Mildred’s very welcome letter reached me last Sunday.
It was the first I had heard from any of you in Lexington directly,
though through Fitzhugh who saw you in Richmond, & through Agnes who had
heard from some of you I knew that the silk dress had arrived & therefore was satisfied of the household’s
being well & happy. Tell Milly
I will answer her letter very soon; but I write to you now for I want your
advice. The mill is now
feeding myself, hands &team besides some surplus, & will, I am confident
do one third better with a respectable & competent miller which it seems
impossible for me to get. But it is
in a wretched state of repair, both mill & dam & I am expecting every
day either the flood-gates to burst or some of the machinery to break.
Now it may hold on for a month or two, probably six; but not possibly
longer in my humble opinion & if it breaks at that time it will have to be
repaired at much greater expense than at present; for if the flood gates burst,
the water will undoubtably (sic) wash away the greater portion of the mill &
I’ll have the whole to rebuild, if the property is kept up.
I can have a saw mill attached to the grist mill power, at the highest
figure, for eight hundred dollars (I am told by a mill wright for seven) this
saw mill at the lowest figure cut five thousand feet of lumber a day for which
the net profits are $15 per thousand feet.
my plan is to borrow enough money to put the mill in thorough repair at once
& attach this saw mill which will work all times when there is no corn which
is nearly two thirds of the time. I
have a very fine lot of timber & there is lying adjacent to the mill, very
convenient for delivery, a large quantity belonging to different parties.
six or eight months the timber would pay off the debt & have the mill in
repair & the saw attached which would pay me handsomely & certainly.
The advantage of commencing at once is that the amount of money required
for repairing the dams & mill now will not be one tenth the amount if either
should break; & there is a great demand for lumber now every where - &
it is bringing very high prices. I
am told I can get the money easily & at six per cent payable in twelve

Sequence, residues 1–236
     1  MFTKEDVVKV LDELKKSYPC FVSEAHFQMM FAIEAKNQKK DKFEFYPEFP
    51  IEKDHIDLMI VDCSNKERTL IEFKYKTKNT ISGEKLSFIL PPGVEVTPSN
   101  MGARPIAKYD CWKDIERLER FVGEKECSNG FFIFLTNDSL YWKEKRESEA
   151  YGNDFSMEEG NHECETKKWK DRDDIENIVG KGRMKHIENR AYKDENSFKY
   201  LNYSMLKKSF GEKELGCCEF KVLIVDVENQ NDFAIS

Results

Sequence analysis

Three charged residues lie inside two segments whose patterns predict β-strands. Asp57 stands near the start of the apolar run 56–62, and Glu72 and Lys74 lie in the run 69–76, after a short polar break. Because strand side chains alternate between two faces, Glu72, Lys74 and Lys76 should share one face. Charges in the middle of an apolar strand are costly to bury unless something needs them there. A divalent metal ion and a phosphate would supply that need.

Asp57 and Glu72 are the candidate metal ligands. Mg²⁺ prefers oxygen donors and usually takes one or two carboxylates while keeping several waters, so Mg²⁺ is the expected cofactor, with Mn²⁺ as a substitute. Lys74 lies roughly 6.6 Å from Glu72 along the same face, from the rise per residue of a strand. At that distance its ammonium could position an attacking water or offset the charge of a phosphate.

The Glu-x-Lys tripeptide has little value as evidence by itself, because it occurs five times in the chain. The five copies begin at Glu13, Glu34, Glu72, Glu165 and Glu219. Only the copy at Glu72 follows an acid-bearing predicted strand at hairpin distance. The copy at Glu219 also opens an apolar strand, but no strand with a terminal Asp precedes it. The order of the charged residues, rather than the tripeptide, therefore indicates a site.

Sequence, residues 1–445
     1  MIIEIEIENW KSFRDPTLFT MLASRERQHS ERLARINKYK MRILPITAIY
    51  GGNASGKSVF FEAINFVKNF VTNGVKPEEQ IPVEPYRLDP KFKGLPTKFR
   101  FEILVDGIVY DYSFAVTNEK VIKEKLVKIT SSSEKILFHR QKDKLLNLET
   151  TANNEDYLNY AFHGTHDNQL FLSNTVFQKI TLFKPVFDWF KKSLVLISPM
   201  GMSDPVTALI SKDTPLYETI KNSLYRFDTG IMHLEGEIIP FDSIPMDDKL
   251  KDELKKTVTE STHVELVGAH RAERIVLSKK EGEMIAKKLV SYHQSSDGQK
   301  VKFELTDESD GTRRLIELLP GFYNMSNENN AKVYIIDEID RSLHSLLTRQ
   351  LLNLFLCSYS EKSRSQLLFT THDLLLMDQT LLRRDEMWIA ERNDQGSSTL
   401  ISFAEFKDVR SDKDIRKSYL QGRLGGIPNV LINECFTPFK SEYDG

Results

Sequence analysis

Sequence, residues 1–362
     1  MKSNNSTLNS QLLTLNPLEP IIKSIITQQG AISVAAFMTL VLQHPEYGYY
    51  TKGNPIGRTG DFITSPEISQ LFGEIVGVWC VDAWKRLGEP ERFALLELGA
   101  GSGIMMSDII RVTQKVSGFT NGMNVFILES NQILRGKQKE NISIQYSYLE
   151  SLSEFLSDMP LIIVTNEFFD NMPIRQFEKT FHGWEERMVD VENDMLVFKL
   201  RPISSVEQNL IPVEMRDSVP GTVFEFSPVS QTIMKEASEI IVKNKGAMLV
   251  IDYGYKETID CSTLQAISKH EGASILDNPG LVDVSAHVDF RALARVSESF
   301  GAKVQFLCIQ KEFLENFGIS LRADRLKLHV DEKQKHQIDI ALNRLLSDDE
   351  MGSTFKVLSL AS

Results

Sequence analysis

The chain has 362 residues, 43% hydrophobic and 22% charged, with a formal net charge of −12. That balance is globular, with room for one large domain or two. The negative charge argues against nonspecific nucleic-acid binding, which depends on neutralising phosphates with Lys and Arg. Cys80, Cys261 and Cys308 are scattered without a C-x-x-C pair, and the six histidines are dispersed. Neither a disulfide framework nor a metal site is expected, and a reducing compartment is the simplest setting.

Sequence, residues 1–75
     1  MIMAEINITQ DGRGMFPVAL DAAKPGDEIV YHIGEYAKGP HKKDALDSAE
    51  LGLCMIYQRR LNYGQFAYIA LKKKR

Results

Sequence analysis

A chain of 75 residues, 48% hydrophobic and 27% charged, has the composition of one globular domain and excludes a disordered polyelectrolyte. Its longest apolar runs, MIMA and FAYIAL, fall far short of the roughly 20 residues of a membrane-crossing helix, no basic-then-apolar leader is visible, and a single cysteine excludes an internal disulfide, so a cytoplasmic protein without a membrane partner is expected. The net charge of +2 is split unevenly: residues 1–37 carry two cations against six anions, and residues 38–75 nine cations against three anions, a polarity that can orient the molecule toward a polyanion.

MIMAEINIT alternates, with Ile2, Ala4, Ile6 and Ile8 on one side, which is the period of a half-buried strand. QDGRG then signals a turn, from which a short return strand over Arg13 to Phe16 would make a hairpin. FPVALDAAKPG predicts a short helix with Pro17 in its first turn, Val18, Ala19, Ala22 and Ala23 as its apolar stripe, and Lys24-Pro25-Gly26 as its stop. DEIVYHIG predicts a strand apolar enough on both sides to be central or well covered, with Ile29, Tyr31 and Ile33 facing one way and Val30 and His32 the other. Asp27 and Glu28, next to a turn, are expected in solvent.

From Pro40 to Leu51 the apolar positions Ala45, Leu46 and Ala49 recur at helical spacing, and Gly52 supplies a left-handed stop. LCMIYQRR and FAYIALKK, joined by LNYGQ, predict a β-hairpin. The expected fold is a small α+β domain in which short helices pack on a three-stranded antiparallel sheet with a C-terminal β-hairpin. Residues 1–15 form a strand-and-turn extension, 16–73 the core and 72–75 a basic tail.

months or longer, or as soon as I am able.
I have talked with Fitzhugh & he advised me to wait but he did not
no(sic) the state of the dam or mill nor did I until I examined them.
I would willingly wait & prefer it, but it has got to be done & I
think the sooner the better in every respect for if some of these heavy rains
should wash every thing away I lose my meal - & would have to buy & then
being the only mill in this section the whole neighborhood would suffer from it.
And putting it in order again would cost ten times as much.
I shan’t undertake it without your approval & I wish to be guided
by you for I am very inexperienced & green - & even with your approval I
shall consult Fitzhugh as to the best way & means to find out every thing
before I start. It would help me
greatly here. I am getting along
pretty well & if I could only be strong & well would be perfectly happy
& satisfied, but these everlasting “feelings” & fevers (for I do not
know what to call them) keep me so weak & indolent that I am an easy prey to
low spirits, which to one by myself is awful you know, But I hope & believe
that if the warm weather comes I shall recover entirely & until then can be
a little put out. You all must not
be uneasy about me for I take good care of myself & if I am really sick I
shall put myself under the care of some of the good ladies in the neighborhood
who, though few in number are excellent housekeepers & wifes(sic).
I am delighted to hear that Ma has such a nice maid & that
Mildred’s head man is better than Pompey, I should hope he was.
Tell M she need not think anything about that cake until I come, it will
keep until then. It has been
raining very hard for the last thirty six hours but has cleared up cold the wind
striking me as I write for this mansion is so good natured that it can’t
refuse either sun nor wind entirely.
My best love to Ma M - & Custis & yourself
I thank you for your autographs some of them by this time have made some
of your many admirers very proud & happy
Your loving son
on first page in General Lee’s handwriting:
reference to mill etc